WASHINGTON —The chairman of the House transportation committee said Monday he’ll introduce a bill that takes control of air traffic operations away from the government and places it under the control of a nonprofit corporation run by airlines and other segments of the aviation industry.

Rep. Bill Shuster, a Pennsylvania Republican, said keeping air traffic operations under government control would be “the surest road to failure.”

The Federal Aviation Administration has been hampered in recent years by governmentwide budget cuts.

Two years ago, air traffic was snarled at airports across the country for days after budget cuts resulted in the furlough of some controllers.

The FAA has also been working for 10 years on transitioning from a radar-based air traffic control system to one based on satellite technology, but there’s no completion in sight, Shuster said.

Paul Rinaldi, president of the National Air traffic Controllers Association, said controllers are keeping an open mind on the proposal but want to see the details.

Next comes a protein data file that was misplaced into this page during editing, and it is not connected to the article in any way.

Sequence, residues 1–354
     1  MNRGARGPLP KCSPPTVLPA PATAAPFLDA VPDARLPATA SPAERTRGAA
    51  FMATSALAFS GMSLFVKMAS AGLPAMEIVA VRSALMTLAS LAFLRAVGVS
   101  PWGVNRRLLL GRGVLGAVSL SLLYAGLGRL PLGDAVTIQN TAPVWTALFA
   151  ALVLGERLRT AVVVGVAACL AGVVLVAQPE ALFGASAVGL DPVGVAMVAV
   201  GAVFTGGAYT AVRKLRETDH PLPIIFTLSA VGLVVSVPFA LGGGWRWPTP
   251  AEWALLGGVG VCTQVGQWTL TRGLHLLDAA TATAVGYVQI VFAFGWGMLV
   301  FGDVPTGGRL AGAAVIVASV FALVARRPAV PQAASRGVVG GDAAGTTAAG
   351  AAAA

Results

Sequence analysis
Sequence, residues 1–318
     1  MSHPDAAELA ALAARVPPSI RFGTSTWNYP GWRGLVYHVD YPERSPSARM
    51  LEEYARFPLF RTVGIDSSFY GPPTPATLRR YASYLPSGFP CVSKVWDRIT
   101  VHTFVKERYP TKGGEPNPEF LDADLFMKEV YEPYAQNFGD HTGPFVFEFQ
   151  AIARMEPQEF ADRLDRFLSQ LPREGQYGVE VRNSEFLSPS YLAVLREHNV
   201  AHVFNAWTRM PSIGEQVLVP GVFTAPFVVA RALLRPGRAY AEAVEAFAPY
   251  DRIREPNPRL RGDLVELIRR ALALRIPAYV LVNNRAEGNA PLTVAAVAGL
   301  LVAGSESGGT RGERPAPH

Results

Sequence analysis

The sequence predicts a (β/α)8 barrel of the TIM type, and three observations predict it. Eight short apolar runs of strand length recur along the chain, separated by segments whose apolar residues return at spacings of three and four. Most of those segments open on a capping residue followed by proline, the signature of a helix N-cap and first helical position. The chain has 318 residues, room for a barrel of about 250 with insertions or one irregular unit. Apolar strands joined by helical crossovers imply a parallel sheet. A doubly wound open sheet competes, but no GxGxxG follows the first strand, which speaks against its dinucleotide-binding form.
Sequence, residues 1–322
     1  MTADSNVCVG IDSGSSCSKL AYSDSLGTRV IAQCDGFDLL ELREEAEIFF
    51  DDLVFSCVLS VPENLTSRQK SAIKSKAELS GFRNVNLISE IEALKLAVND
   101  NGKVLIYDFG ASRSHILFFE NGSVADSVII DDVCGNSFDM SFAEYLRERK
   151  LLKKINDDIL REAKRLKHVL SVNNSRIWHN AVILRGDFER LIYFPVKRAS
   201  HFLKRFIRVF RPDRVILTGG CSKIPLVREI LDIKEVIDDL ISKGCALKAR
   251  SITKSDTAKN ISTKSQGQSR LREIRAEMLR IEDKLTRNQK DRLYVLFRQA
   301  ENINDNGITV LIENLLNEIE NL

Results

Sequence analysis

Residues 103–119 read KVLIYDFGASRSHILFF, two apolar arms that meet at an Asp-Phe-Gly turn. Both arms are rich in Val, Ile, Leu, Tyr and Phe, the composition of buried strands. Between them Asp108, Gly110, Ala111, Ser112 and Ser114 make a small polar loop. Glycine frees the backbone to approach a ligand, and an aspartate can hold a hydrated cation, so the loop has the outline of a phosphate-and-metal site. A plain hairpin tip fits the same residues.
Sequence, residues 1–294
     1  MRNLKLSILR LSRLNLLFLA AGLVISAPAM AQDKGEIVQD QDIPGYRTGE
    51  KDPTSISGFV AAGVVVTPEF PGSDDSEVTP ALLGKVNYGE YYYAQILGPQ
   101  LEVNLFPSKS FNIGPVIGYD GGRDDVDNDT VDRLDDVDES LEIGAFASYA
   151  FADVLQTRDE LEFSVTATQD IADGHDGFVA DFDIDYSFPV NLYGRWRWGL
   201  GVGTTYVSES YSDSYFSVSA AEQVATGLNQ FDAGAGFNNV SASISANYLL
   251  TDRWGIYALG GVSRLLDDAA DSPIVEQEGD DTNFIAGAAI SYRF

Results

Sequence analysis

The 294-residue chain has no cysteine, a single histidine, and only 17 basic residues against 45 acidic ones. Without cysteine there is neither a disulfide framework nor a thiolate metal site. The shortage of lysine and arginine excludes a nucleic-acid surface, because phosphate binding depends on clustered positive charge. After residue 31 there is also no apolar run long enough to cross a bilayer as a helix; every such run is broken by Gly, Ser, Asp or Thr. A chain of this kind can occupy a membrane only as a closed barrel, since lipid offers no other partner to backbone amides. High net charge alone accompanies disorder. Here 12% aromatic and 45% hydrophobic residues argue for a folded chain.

“The details really do matter,” he said.

Airlines have been heavily lobbying Congress to give them a greater say in air traffic operations and how they’re paid for.

Currently, air traffic control operations are financed through a series of taxes and fees on airline tickets and aviation fuels.

Shuster also said the bill, to be introduced this month, will require the FAA to delegate more responsibility to aircraft, engine and other aviation manufacturers for safety oversight of their products’ design and manufacture.

Some manufacturers have complained of long delays in getting the FAA’s approval to make their products. FAA approval is required for every aircraft design and the manufacture of each plane and piece of equipment.

The agency already delegates a lot of that responsibility to designated employees of the manufacturer who are overseen by regulators.